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Chinese Military-Linked Researchers ‘Humanized’ Mice to Test Coronavirus Prior to Pandemic

Prakash Gogoi
Prakash covers news and politics for Vision Times.
Published: June 22, 2021
Chinese scientists developed mice with human-like lungs to test viruses.
Chinese scientists developed mice with human-like lungs to test viruses. (Image: Nature_Blossom via Pixabay)

Researchers in communist China worked on a project where mice with human-like lungs were used to test the infectiousness of various viruses, including the COVID-19 virus or SARS-CoV-2. Such Chinese experiments have even received funding from the U.S. government. 

April 2020 Study

A Vanity Fair report cites a study from April 2020 co-authored by 23 researchers. Eleven of the researchers worked at the Academy of Military Medical Sciences, the medical research institute of the Chinese army.

“Using the gene-editing technology known as CRISPR, the researchers had engineered mice with humanized lungs, then studied their susceptibility to SARS-CoV-2. As the NSC officials worked backward from the date of publication to establish a timeline for the study, it became clear that the mice had been engineered sometime in the summer of 2019, before the pandemic even started,” according to Vanity Fair.

Officials at the U.S. National Security Council (NSC) apparently knew about this and were left wondering whether the Chinese military was testing viruses on “humanized mouse models” to determine which of them were infectious to humans. 

The NSC officials thought they had enough clues to support a lab leak theory of the COVID-19 pandemic and began talking with other U.S. agencies about it. However, their concerns were not reciprocated with any interest.

“We were dismissed… The response was very negative,” Anthony Ruggiero, NSC senior director for counterproliferation and biodefense, told the media outlet.

An NSC team also came across a 2015 research paper by Shi Zhengli, the lead coronavirus researcher at the Wuhan Institute of Virology (WIV). WIV is communist China’s leading coronavirus research facility that contains one of the largest samples of bat virus strains in the world. 

Zhengli was one of the first scientists to propose horseshoe bats as “natural reservoirs for SARS-CoV” (SARS virus). The paper was co-authored with Ralph Baric, an epidemiologist from the University of North Carolina.

The research paper discussed experiments in which mice were used as test subjects. The study inserted the protein sourced from a Chinese rufous horseshoe bat into the molecular structure of the 2002 SARS virus. This ended up creating a new infectious pathogen. The paper proved that the spike protein of a novel coronavirus can infect the cells of a human being.

The Vanity Fair report also states that Zhengli’s research team at WIV had tested at least two novel bat coronaviruses in the past three years on humanized mice in a bid to determine their infectiousness. More information on the two viruses were not disclosed.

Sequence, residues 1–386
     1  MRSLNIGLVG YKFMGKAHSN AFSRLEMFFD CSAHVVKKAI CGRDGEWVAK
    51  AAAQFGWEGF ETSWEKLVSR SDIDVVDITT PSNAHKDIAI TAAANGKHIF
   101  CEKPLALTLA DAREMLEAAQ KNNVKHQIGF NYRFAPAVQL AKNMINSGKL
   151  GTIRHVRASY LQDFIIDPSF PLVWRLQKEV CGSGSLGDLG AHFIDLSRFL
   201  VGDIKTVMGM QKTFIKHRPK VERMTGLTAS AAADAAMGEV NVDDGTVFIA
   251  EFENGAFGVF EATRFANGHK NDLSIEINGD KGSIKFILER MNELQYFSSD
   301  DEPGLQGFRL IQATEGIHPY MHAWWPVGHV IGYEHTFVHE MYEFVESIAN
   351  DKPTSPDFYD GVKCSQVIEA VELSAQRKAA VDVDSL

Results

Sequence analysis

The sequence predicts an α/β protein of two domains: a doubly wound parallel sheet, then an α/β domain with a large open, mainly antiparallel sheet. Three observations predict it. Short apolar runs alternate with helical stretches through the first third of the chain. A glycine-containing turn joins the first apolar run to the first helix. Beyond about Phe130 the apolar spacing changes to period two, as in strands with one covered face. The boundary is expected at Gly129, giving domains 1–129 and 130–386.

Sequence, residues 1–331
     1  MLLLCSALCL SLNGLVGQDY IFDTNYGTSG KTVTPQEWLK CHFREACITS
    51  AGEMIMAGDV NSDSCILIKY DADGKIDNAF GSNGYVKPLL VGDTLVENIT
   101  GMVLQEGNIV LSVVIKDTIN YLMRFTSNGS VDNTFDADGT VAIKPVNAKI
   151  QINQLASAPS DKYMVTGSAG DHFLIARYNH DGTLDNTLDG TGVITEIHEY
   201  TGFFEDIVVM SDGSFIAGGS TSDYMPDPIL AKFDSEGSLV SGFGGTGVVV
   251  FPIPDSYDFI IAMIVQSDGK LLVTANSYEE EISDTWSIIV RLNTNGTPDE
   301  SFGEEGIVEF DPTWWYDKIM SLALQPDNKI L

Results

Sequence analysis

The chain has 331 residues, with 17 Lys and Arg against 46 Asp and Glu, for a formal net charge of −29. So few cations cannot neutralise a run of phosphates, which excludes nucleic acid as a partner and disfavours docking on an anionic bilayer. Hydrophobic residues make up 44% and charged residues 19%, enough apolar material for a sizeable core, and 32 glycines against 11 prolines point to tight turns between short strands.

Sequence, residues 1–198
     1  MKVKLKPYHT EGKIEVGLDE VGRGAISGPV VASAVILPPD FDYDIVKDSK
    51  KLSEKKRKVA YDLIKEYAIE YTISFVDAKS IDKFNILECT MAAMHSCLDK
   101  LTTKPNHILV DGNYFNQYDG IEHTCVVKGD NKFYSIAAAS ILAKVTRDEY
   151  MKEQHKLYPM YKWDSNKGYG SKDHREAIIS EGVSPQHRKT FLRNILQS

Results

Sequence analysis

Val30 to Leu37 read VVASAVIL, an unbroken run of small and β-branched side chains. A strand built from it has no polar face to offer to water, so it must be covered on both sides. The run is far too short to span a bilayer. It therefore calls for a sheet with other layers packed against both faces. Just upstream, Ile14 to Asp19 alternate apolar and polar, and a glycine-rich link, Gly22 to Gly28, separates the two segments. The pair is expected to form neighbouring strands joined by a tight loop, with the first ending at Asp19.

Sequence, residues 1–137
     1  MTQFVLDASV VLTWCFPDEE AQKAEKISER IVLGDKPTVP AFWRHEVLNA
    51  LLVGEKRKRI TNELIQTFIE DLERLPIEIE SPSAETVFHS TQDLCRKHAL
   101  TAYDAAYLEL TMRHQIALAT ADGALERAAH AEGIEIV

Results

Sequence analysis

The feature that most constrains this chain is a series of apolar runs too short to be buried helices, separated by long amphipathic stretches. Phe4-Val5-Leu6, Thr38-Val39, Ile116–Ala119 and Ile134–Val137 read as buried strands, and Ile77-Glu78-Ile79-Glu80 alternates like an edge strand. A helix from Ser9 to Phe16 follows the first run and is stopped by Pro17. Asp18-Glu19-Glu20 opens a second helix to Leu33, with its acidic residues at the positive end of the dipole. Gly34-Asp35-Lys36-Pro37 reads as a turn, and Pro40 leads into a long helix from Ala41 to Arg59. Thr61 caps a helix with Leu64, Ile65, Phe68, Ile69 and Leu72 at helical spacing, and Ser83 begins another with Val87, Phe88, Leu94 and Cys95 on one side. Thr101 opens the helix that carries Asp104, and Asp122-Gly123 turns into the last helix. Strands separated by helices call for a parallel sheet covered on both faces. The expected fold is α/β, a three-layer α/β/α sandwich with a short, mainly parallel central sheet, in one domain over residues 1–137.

July 2020 study

Politico reports about a study published in early June 2020 that detailed the work of a team of Chinese researchers from Beijing. The researchers studied genetically modified mice that had lung cells containing the human ACE2 receptor, which is the cell receptor that allows coronaviruses to easily infect human beings.

Several of the scientists involved in the study were linked to the Academy of Military Science. U.S. officials believed that the Beijing lab was conducting coronavirus tests of the mice even before the outbreak of the COVID-19 pandemic, a fact that the lab failed to disclose. 

“This was just a peek under a curtain of an entire galaxy of activity, including labs and military labs in Beijing and Wuhan playing around with coronaviruses in ACE2 mice in unsafe labs… It suggests we are getting a peek at a body of activity that isn’t understood in the West or even has precedent here,” a senior administration official said.

December 2017 research paper

An April 2020 report by The Sun cites a research paper from December 2017 that details the experiments on mice conducted at the Wuhan Institute of Virology. The mice were injected with a virus that traced their neural activity. Some of them had metal pieces implanted on their heads. Wires were attached to the tails. The mice were then given electric shocks.

The experiments aimed to generate fear in mice that were put in cages with electrified doors. Loud noises would be played. One of the tests involved dehydrating the animals for 23 hours and then forcing them to run on a wheel in order to be rewarded with water. After the tests were conducted, the mice were killed and their brains were dissected. WIV was involved in developing the virus as well as preparing brain samples.

U.S. Funding

Fox News cites data from White Coat Waste Project to report that the WIV was involved in research funded by the U.S. National Institutes of Health (NIH). One of the grants, worth $3.4 million, involved injecting viruses into the brains of mice. 

Another grant, worth $3.7 million, was given to research bat coronaviruses. The exact amount received by WIV is unknown since the institute was one of the many which collaborated on such research. 

“The U.S. government’s spending spree that we’ve exposed at the notorious Wuhan Institute of Virology is outrageous and unacceptable… Taxpayers should never be forced to bankroll China’s hazardous bio-agent experiments, which put human life around the world gravely at risk,” the White Coat Waste Project’s vice president for advocacy and public policy Justin Goodman told Fox News.